One day, an older (perhaps senile) man paid a visit to his doctor’s office for some routine blood work. The appointment went smoothly, he finished up, paid at the checkout window and the office continued business as usual.
A few weeks later, the doctor’s office received a disturbing phone call from the man’s wife stating that her husband had an erroneous charge on his credit card from their office. The office worker calmly explained that the charge was valid and that her husband had been in for blood work (they had the blood and DNA to prove it, not to mention his signature). The woman insisted, despite all the evidence that neither she nor her husband remember the appointment and demanded a refund.
This is an example of what we call a chargeback. Typically, the customer doesn’t even call the business, instead they call their credit companies claiming fraud or that they never received the goods or services. The business owner then receives a letter from their processor saying the charge has been reversed and is now under investigation. The senile patient example is for lightweights. Many criminals and fraudsters have made it their life’s work to take advantage of the market which heavily favors consumer’s rights (thanks to the credit card protection act).
When this happens, not only does the merchant lose the money and the cost of its goods or services they are also charged a small fee by credit card companies every time a chargeback is initiated by a customer. Not to mention that a business owner could lose their ability to accept credit cards if it has too many chargebacks.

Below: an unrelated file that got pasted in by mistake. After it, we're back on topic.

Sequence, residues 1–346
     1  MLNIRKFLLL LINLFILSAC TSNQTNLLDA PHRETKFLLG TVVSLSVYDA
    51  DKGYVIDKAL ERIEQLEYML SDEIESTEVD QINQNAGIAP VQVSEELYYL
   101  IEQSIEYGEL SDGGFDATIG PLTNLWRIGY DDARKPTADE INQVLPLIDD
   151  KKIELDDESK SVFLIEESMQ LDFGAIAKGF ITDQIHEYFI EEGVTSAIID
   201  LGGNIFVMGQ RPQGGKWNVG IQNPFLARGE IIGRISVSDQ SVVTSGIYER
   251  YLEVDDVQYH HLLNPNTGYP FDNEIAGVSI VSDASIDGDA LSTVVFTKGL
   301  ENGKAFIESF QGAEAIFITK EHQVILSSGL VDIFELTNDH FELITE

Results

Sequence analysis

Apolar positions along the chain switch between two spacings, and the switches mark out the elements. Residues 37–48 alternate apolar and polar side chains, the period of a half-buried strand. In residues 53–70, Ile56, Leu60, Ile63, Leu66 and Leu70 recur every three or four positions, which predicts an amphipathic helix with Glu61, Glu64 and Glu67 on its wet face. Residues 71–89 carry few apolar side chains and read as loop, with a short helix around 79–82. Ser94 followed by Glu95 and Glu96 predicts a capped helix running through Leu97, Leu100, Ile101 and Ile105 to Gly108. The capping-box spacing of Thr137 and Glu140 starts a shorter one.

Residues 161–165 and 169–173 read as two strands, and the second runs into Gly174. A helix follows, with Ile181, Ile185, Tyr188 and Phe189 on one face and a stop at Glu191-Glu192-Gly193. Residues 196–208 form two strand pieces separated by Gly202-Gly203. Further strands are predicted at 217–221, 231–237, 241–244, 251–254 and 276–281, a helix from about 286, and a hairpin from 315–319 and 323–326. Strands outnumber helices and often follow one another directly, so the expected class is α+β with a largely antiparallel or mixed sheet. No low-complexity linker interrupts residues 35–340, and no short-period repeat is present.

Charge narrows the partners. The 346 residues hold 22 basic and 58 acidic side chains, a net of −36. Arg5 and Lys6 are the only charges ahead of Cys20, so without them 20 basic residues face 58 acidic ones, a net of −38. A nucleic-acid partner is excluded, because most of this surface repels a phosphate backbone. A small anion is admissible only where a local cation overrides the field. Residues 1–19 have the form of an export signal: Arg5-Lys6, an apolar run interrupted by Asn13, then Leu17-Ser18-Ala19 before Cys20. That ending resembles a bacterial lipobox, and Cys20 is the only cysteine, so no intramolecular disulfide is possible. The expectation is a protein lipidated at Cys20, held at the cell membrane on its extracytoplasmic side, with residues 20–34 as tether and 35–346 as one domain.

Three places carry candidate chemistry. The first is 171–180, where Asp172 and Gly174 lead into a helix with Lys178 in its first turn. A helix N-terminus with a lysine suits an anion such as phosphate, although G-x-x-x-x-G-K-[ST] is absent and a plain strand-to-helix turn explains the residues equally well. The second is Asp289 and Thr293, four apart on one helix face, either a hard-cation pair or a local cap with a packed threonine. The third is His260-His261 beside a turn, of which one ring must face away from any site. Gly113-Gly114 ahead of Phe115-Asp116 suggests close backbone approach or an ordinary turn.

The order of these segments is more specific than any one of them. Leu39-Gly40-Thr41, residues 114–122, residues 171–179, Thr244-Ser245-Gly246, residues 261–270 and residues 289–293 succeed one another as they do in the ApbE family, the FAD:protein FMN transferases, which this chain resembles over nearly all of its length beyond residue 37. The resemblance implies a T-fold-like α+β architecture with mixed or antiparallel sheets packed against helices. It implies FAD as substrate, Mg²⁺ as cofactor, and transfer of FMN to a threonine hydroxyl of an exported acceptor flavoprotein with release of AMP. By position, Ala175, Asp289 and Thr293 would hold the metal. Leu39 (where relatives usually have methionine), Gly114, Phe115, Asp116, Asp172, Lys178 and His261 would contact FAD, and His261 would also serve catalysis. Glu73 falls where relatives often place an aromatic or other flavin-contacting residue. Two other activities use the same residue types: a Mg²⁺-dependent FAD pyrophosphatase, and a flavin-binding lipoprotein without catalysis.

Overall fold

“Friendly Fraud” is the term used for crimes involving chargebacks on the internet. Businesses accepting payments online not using secure payment techniques like address verification are most vulnerable to criminals using stolen credit card numbers for purchases. When the owner of that stolen card gets their bill and makes that fateful call – the merchant loses.
The Wall Street Journal Reported that Americans spent more than $200 billion on online shopping in 2011 and are expected to shell out $327 billion on Internet stores by 2016. This doesn’t even include consumers who are paying bills for services through online portals.
It’s not all gloom and doom. Although chargebacks are a very difficult thing for businesses to combat, things are slowly balancing out. According to Bob Sullivan’s blog on MSNBC.com titled The Red Tape Chronicles, “The "win" rates for merchants in the arbitrations are rising quickly. According to an annual Merchant Risk Council survey, it found that consumers lose the argument 44 percent of the time now, up from 30 percent three years ago.”
There are a several things business owners can do to try to prevent and combat chargebacks but here I will focus on the top three:
1) If you get a letter notifying you that there has been a chargeback on your merchant account, respond IMMEDIATELY. The longer you wait, the worse it gets and decreases your chances of ever seeing your money again.
2) If you are unable to swipe the credit card at a terminal, get a manual imprint of the card (On an imprint machine ensuring that imprinted receipt are locked in a filing cabinet for security). Make sure you have a SIGNATURE, a transaction date, an authorization code, purchase amount and your company’s information on the slip. ALWAYS make sure the signature and name on the card matches the information on a printed sales receipt.
3) If you are accepting online payments you NEED to have an address and a CVV2/CVC2 verification system as added layers of security (If you have questions about this contact us for some help). Keep a negative database of problem customers and identify high risk transactions based on strange activity. Print your phone number on all your receipts; this will allow for real customers that have a dispute to contact you directly.